Each cell independently interprets extracellular signals to decide its fate. An outstanding question in developmental biology is how these decisions are coordinated across the developing tissue primordium to produce a functional organ of appropriate size. Extracellular signals called morphogens are a critical mechanism to regulate cell fates across an entire primordium, and multiple morphogen signals are coordinated during development and in adult tissue self- renewal. The research proposed here will address interactions between morphogens in the transforming growth factor ? (TGF?) family and those that stimulate the receptor tyrosine kinase (RTK) pathway. We will use genetic methods to investigate interactions in whole tissues, while the tiisue grows or reorganizes. The model genetic organism Drosophila is used, because of the low level of genetic redundancy and the powerful tools available for in vivo experiments. Within a cell, TGF? signals are interpreted by Smad signal transduction pathways. We primarily focus on one class of TGF? signals, the bone morphogenetic proteins (BMPs). Different levels of extracellular BMP activity stimulate different levels of nuclear Smads, thus determining the genes that are expressed. In addition, protein kinases stimulated by RTK signals can modulate the levels of nuclear Smads, which may alter the way that cells respond to BMP signals. Preliminary data suggest that RTK signals down-regulate the BMP- specific fly Smad Mad and the general fly Smad Medea.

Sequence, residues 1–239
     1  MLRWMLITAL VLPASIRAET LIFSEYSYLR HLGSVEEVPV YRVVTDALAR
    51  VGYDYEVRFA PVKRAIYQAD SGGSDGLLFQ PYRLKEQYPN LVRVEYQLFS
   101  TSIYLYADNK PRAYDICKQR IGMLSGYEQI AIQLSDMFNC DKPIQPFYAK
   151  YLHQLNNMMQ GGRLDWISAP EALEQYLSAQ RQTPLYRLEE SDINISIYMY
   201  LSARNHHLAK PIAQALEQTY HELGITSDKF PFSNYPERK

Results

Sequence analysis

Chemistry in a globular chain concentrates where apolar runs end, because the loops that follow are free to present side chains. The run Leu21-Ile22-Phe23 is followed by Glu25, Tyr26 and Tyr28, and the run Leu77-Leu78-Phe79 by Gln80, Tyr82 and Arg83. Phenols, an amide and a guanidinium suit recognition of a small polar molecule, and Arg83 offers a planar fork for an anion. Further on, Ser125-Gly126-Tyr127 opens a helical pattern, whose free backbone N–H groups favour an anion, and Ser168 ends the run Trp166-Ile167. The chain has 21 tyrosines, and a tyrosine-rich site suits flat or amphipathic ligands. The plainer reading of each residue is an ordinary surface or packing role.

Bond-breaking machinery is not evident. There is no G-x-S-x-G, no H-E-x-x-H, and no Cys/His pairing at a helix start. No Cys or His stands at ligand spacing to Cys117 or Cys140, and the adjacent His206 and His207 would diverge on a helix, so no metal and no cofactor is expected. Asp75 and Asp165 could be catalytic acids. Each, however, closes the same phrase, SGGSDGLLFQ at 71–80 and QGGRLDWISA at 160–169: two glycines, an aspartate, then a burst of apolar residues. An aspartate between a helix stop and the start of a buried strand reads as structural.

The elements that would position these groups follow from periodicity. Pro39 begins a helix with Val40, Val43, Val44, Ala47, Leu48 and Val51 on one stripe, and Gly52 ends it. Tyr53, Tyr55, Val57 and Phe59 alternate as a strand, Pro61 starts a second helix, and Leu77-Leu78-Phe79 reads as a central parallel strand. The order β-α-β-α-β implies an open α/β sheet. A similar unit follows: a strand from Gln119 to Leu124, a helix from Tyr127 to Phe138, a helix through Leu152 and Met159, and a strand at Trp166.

Aims 1 and 2 test the importance of this regulation during tissue growth and migration.
Aim 3 will screen for new mechanisms that regulate BMP pathway activity upstream of Smads. The molecular components of these pathways are strongly conserved between flies and humans, so we anticipate that new mechanisms will be conserved as well. Thus, this work will be important to understand the underlying mechanisms associated with TGF? dysfunction in human fibrosis, tumorigenesis, and vascular function.
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